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Case Reports in Otolaryngology
Volume 2014, Article ID 368920, 6 pages
http://dx.doi.org/10.1155/2014/368920
Case Report

Malignant Peripheral Nerve Sheath Tumors of the Head and Neck: A Case Series and Literature Review

1University of North Carolina School of Medicine, 1033 Bondurant Hall, Chapel Hill, NC 27514, USA
2Division of Otolaryngology, University of North Carolina Hospitals, 101 Manning Drive, Chapel Hill, NC 27514, USA

Received 1 July 2014; Revised 3 November 2014; Accepted 17 November 2014; Published 4 December 2014

Academic Editor: Harukazu Hiraumi

Copyright © 2014 Brandon T. Mullins and Trevor Hackman. This is an open access article distributed under the Creative Commons Attribution License, which permits unrestricted use, distribution, and reproduction in any medium, provided the original work is properly cited.

Abstract

Background. Malignant peripheral nerve sheath tumors (MPNSTs) of the head and neck are rare aggressive neoplasms with a poor prognosis. This study describes the management and outcomes of 3 of our patients with MPNSTs of the head and neck. Methods. We identified 3 patients presenting with MPNST of the head and neck and treated at the University of North Carolina. We compared our results to the literature from 1963 to 2014. Results. Mean follow-up was 31 months. Average age at diagnosis was 44.7 years of age. All patients received wide-local excision and adjuvant radiotherapy. No patients recurred during the series. Recurrence-free survival time for the patients was 45, 37, and 3 months, respectively. Conclusions. Our data series confirms that a combined-modality approach with complete surgical resection and adjuvant radiotherapy leads to improved outcomes in MPNSTs of the head and neck. Nonetheless, due to historically poor outcomes, continued research into newer therapies needs to be explored.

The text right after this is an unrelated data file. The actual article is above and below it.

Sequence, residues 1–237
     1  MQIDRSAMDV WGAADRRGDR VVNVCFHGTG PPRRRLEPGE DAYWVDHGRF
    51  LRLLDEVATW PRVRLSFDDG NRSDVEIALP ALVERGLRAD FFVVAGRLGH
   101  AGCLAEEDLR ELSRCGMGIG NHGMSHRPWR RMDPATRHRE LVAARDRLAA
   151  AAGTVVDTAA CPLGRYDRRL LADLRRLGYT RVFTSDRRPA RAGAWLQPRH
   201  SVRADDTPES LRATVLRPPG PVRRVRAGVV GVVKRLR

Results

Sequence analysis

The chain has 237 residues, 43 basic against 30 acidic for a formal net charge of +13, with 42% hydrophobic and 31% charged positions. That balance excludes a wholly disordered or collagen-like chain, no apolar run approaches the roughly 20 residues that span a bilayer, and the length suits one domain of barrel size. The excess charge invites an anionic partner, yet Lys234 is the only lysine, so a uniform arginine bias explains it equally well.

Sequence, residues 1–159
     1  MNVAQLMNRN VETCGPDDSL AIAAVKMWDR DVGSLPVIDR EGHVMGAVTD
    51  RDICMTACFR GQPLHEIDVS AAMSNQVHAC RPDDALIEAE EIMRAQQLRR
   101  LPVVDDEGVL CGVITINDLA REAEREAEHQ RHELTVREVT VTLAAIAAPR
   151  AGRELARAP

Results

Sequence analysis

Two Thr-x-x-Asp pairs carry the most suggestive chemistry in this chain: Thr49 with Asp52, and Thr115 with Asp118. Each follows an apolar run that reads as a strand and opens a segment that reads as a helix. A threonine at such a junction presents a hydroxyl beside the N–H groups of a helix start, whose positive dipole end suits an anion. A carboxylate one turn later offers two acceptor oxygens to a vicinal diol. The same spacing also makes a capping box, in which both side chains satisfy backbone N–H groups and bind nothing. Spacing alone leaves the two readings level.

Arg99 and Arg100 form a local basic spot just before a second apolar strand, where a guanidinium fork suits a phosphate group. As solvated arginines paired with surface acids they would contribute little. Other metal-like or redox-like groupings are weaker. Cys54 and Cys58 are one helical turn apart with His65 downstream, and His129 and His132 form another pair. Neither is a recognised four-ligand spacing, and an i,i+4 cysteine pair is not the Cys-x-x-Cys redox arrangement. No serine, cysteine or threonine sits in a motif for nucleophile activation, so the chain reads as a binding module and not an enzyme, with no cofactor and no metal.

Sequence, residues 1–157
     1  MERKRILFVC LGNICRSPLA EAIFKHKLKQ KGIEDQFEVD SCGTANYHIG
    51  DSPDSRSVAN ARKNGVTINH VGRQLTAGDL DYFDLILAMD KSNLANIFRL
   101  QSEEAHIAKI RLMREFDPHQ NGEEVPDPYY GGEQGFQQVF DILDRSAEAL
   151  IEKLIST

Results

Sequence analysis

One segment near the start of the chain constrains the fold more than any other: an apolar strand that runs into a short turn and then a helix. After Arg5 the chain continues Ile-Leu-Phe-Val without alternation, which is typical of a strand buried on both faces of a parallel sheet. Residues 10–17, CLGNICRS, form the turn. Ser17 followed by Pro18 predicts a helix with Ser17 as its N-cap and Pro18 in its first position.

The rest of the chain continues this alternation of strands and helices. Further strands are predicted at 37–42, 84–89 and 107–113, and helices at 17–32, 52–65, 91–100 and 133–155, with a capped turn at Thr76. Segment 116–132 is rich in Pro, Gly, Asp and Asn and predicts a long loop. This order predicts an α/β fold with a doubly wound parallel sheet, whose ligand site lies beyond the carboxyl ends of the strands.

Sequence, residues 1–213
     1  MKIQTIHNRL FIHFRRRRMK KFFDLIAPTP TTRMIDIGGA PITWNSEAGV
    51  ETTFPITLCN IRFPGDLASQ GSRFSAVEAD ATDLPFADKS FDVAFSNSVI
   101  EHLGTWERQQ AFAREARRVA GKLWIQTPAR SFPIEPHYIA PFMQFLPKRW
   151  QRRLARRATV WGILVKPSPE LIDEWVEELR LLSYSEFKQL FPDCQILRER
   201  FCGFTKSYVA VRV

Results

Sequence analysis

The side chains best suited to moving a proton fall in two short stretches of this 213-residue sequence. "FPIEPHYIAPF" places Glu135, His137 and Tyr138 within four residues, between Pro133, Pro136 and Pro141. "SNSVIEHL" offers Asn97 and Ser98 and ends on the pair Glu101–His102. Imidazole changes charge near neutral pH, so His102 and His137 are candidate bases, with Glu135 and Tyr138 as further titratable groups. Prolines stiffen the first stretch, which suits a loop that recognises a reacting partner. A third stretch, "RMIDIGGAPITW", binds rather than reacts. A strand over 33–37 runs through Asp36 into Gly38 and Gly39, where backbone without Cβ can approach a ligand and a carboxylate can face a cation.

1. Introduction